Pegging explained: What is the sex trend that men won't admit they love

Pegging explained: What is the sex trend that men won’t admit they love

It’s arguable no sex trend has received more airtime in recent years than pegging.

Truly, you can’t read a blog or scroll through social media without hearing about it right now. Even the highly censored TikTok is awash with video memes about it.

But the trendy sex act is by no means new, or – frankly, if you ask this seasoned sex columnist – particularly cutting-edge.

So why is everyone on the internet suddenly obsessed with it?

My guess is – easier, more discreet access to sex toys and the shifting cultural dialogue around gender and sexuality, along with mainstream representation of the practice (who can forget the iconic episode of Broad City where Abbi’s new beau enthusiastically asks her to peg him?) have all played a role.

But of course, if you’ve never heard of pegging, this likely isn’t making a lot of sense to you.

So, let me fill you in, in the best way I can, because while it might not be revolutionary, it’s no G-rated sport, either.

In short, pegging – sometimes referred to as “reverse anal sex” – is a kind of heteronormative sexual role reversal.

Coined by American sex columnist Dan Savage in the early 2000s, it’s a term used to describe a practice among opposite-sex couples that essentially places the man in a receiver role and puts the woman in control through the aid of a wearable attachment, strapped onto her pelvis.

If you don’t catch my drift, google at your own peril. (Probably best not to do it at work.)

And it makes perfect sense why so many men enjoy it, given the powerfully orgasmic potential of the prostate.

Trawl any Reddit forum on prostate orgasms, and you’ll find guys raving about the transformative experience, which is said to be so earth-shattering, it’s even been referred to as a “Super Orgasm”.

In one particular thread, a male Redditor describes it as, “[Like] wave after wave smashing over my body. My skin felt super receptive. I felt every hair follicle on my scalp … When I stood up, I couldn’t walk. My knees were quivering… It was intense beyond intense.”

However, despite the profound pleasure the prostate can bring about, there are still men who won’t go near it due to an archaic idea of ​​heterosexuality rooted in homophobia.

The bizarre belief that men who enjoy penetration or anal play are gay is, of course, entirely illogical, given there is no relationship between the mechanics of orgasm and our attraction to particular genders.

This ideology speaks to an intensely fragile construct of masculinity hinged upon a fear of vulnerability and femininity.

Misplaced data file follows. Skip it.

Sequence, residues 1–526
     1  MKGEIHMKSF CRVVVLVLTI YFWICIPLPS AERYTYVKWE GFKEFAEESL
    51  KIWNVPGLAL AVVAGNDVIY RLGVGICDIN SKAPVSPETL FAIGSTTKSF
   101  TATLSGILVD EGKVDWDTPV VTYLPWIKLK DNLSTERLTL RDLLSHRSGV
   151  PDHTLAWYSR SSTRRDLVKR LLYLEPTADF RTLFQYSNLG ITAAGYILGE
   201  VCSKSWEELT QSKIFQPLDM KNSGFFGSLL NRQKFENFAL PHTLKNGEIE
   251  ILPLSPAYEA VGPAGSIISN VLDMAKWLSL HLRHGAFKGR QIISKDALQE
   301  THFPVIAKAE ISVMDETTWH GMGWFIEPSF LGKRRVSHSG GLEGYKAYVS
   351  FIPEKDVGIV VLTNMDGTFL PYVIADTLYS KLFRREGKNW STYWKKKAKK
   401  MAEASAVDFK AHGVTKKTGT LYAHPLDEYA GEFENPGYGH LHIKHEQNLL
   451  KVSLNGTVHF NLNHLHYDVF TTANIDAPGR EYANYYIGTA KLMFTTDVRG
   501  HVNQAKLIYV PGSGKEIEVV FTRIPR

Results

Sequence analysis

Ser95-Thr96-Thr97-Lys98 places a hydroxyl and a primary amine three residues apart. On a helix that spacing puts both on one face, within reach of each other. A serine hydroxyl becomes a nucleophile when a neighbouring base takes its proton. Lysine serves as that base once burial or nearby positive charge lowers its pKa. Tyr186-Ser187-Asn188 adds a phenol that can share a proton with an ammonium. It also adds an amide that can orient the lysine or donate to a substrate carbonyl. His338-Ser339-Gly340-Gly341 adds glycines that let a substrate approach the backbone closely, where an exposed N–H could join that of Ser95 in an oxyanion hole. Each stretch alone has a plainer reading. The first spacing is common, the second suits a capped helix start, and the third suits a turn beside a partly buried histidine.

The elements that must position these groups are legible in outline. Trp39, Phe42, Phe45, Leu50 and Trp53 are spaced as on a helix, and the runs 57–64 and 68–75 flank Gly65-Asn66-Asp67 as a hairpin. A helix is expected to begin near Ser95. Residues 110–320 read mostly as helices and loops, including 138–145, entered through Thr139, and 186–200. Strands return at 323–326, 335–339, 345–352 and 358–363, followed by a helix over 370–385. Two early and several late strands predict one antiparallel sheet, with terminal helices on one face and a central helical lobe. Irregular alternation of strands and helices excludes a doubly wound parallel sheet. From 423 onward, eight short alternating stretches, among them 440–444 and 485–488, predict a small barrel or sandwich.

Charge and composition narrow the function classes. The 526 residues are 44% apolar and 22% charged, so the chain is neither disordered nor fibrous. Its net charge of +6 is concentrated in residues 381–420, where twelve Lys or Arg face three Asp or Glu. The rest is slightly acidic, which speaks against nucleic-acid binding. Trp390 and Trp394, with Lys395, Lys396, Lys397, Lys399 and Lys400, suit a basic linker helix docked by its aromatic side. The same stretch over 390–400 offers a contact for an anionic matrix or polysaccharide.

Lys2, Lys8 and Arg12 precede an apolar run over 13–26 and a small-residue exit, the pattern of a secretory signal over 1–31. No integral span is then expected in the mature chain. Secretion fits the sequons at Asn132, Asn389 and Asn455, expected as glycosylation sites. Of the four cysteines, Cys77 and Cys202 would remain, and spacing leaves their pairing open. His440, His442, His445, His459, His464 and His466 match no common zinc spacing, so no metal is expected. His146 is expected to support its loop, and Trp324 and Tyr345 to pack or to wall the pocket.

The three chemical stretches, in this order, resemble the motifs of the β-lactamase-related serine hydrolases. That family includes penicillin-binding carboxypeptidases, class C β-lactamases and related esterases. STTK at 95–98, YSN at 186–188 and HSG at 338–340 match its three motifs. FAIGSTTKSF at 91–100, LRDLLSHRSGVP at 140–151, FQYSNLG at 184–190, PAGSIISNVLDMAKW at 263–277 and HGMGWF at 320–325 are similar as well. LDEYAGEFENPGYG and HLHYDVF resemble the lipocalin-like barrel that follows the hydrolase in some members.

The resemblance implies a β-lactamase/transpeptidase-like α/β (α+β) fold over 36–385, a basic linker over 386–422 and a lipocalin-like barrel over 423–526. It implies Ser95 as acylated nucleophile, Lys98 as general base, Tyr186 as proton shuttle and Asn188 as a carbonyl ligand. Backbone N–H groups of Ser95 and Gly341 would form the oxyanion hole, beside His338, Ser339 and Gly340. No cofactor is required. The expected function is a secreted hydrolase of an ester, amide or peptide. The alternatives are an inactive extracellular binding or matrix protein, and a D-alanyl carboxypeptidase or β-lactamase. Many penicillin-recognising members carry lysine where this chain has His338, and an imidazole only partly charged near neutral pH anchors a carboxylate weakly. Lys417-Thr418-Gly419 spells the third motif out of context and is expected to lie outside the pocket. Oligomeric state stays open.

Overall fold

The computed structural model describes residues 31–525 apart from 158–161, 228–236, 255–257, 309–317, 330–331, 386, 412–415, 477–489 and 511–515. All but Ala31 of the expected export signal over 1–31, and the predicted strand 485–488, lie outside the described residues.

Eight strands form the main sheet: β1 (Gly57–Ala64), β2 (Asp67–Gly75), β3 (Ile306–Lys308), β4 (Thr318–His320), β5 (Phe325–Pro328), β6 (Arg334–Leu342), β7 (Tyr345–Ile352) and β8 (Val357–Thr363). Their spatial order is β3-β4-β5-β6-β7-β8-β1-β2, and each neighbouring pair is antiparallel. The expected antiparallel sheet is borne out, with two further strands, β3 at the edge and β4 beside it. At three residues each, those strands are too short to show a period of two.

Queer men – particularly those who flout gender norms by embracing femininity, which patriarchal culture conditions us to view as weak and languid – represent a threat to traditional ideas of manhood. And so, in this toxic definition of masculinity, anything that might align with queerness or femininity must be shunned.

However, our evolving cultural dialogue around sexuality and pleasure is prompting more men to break away from this rigid paradigm and embrace less heteronormative approaches to sex.

And two years of lockdowns might have had at least a little something to do with this shift, given the pandemic gave us all time to sexually self-reflect and sparked sky-high sales among adult retailers – most of whom noted marked increases in purchases of less traditional products, like strap-on harnesses and prostate massagers.

“The deciding point for me was when I realized how much I enjoyed the prostate and anal stimulation I was getting from my prostate toy… It occurred to me that if I enjoy this, I might enjoy being penetrated… and even more so with a woman strapping it on,” an anonymous male explained on Reddit.

Indeed, while anal products may have once been difficult to come by and were originally considered a niche category reserved for gay men, the market has experienced record growth in recent years, indicating a move toward mainstream use which retailers say has been largely driven by straight men.

My prediction is we won’t see the demand for pegging-related products and education slow down any time soon. As increasing numbers of men discover the joy of receiving, so too, we can expect the definition of masculinity and the oppressive restraints it’s historically placed on men, to continue to loosen and expand.

And as far as I’m concerned, this can only be a good thing. So, peg away, guys.

Follow Nadia Bokody on Instagram and YouTube for more sex, relationship and mental health content.

.

CopynFax